The account I mentioned is entitled The Mortal Hero, an introduction to Homer's Iliad by Seth Schein, who was a professor of mine in a comp lit class in graduate school. The "overwhelming fact for the heroes of the Iliad" is their mortality, unlike the immortal gods, as Seth Schein remarks in chapter 1. We have learned from studies of history that the ancient world was a battle-filled one, and tales of heroes and of mortality were evidently a "popular" subject of oral literature. The Iliad itself is the "end product of a poetic tradition that may have been as much as a thousand years old by the time the epic was composed," ca. the 8th century B.C. Lesser and greater singers gave expression to the Trojan War, representative of wars of the Late Bronze Age. And the memory of the events of the heroic age was kept alive by these singers, re-imagining the events, re-telling them over and over, and, as an aid to memory, using formulas of scenes, episodes, words, phrases, and so on. Homer's epics were the end products, so to speak, of this tradition, but also "equally the first in Greek literature," i.e. in writing.

Do these guys look like heroes?

When Goethe came of age there was also a strict classification of literary genres, inherited from the Greeks and Romans, each of which had its own subject matter and its own linguistic formulas. In an essay I published in 1996 in the Goethe Yearbook, I wrote about Goethe's five-act play Clavigo. Shakespeare, whose plays young Goethe was enthusiastic about, worked with a five-act structure in his tragedies. And a tragedy, according to Aristotle in the Poetics, is a genre about a noble hero who goes from good to bad fortune. Goethe imitated this pattern in Clavigo: ein Trauerspiel, but the problem is that Clavigo himself was not a heroic individual. He was a courtier who, in order to rise at court at the king of Spain, reneged on a promise to marry the sister of Pierre Augustin Caron de Beaumarchais. It's a very bourgeois situation. As I wrote in my an essay, however, the play received a certain "existential weight" by this generic contamination:  the introduction into a classicist play of a non-heroic (i.e., bourgeois) character literally altered the character’s self-conception.

Picture credits: Warner Bros.; New York Public Digital Library

Monday, September 18, 2023

Goethe in Love

I am back in New York City after three months on a small island adjacent to Port McNeill on northern Vancouver Island. As I wrote in earlier posts, my intention was to read as much of "young Goethe" as possible this summer, and I managed it. Today's brief post is simply to note a few things that were on my mind as I flew high in the sky from Vancouver to New York.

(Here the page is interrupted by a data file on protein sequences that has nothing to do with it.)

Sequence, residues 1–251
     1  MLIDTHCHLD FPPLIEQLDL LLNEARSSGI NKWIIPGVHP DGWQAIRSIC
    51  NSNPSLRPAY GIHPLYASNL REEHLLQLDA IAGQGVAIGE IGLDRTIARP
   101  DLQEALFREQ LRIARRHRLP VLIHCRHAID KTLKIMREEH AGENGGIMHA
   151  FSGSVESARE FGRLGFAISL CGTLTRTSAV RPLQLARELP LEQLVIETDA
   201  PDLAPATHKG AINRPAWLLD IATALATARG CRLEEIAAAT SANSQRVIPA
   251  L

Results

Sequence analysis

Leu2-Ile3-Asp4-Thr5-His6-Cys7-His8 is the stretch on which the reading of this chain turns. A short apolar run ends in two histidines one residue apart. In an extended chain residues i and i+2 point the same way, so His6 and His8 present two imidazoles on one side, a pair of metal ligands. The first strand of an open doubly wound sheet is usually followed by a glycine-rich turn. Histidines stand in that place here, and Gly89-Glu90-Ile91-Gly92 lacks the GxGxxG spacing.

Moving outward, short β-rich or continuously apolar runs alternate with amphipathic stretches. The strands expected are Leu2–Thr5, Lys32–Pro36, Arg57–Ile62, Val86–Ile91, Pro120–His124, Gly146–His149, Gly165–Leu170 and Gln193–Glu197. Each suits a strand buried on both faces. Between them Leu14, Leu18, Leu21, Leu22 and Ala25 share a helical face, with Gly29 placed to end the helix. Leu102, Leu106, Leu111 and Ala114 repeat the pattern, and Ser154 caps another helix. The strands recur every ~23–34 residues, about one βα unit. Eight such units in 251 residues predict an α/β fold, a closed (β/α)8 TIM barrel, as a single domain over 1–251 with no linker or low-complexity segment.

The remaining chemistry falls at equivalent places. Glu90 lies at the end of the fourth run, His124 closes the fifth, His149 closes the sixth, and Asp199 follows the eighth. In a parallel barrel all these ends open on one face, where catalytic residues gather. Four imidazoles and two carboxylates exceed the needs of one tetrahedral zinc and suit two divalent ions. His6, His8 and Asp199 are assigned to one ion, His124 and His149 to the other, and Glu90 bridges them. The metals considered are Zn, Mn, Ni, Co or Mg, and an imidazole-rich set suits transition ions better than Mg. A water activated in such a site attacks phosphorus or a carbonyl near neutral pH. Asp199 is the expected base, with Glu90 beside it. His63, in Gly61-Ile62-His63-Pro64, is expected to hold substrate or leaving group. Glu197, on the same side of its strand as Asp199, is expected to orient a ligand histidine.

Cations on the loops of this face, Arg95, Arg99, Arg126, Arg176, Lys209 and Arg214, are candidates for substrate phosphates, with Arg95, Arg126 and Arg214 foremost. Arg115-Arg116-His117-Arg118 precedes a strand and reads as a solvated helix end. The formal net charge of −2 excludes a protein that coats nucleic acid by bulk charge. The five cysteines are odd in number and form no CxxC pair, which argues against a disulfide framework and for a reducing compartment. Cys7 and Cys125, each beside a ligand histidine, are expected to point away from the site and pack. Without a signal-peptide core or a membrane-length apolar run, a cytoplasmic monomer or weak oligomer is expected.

Goethe grew up in a time when it was understood that poets imitated other poets, especially earlier ones. Whether writing about love or despair or whatever the emotion, poets employed the conventions of existing poetic forms and genres. Besides love and grief and so on, poets also wrote about events in the world, but these too were clothed in certain poetic conventions. An example from painters might make this clearer. Take Spanish painters of the golden age. Some are esteemed as "better" or "greater," but all of them painted the same subjects: e.g., the Crucifixion, the Nativity, shepherds, kings and queens, battles. Did Murillo, Zurbaran, Velasquez keep diaries? It's difficult to know what the painters' feelings were concerning the subjects of their work. So, too, the poets and dramatists in the period right before Goethe came of age. When they wrote about shepherds in love, did they also feel in love? Probably not. Did they even know any shepherds?

Goethe's earliest poetry collection has shepherds. In other words, he drew on this long-standing poetic genre. But he also used conventional forms to write of something personal. Goethe did not keep a diary in the way of famous personalities, but, unlike the private lives of earlier writers, we know a lot about his life, and he mediated his experience of jealousy in Die Laune des Verliebten, from 1767–68. It is a pastoral play, one of the most conventional genres of the mid-18th century, in which two shepherd couples learn some lessons in love. He wrote many letters at this time of writing this play, some of which are preserved, and several of which portray his youthful ardor for a young woman, an innkeeper's daughter, with whom a young man of his standing would not likely marry. The play details the curing of a jealous shepherd. The letters he wrote at the time document the bitter jealousy to which he was reduced in regard to this girl, to whom his earliest collection of poetry was addressed: Annette. The manuscript image at the top of this post is the poem "Die Liebhaber" (The Lovers) from that collection.

Photo credit: Charlotte Zilm

Thursday, August 31, 2023

"Stories of Love and Eros"

No, Goethe fans, this post will not be about Goethe's love life, although there is much to be said in that connection. As mentioned in an earlier post I have been reading this summer, among other writings, Goethe's Roman Elegies, and at some date I will do a post on the subject. In a few days I will be leaving this island on which I have spent the summer. This will be the last post before I am back in New York in early September. For this post, something new.

 Many of you know that I have published fiction in the past, including in my relative youth, two mystery novels. Over the years I have written a number of short stories on the above-titled theme, for which I am hoping to find an agent and publisher. Two of the stories have recently appeared as an eBook. For those interested in purchasing it, here is the Amazon link.

And now a description of the two stories: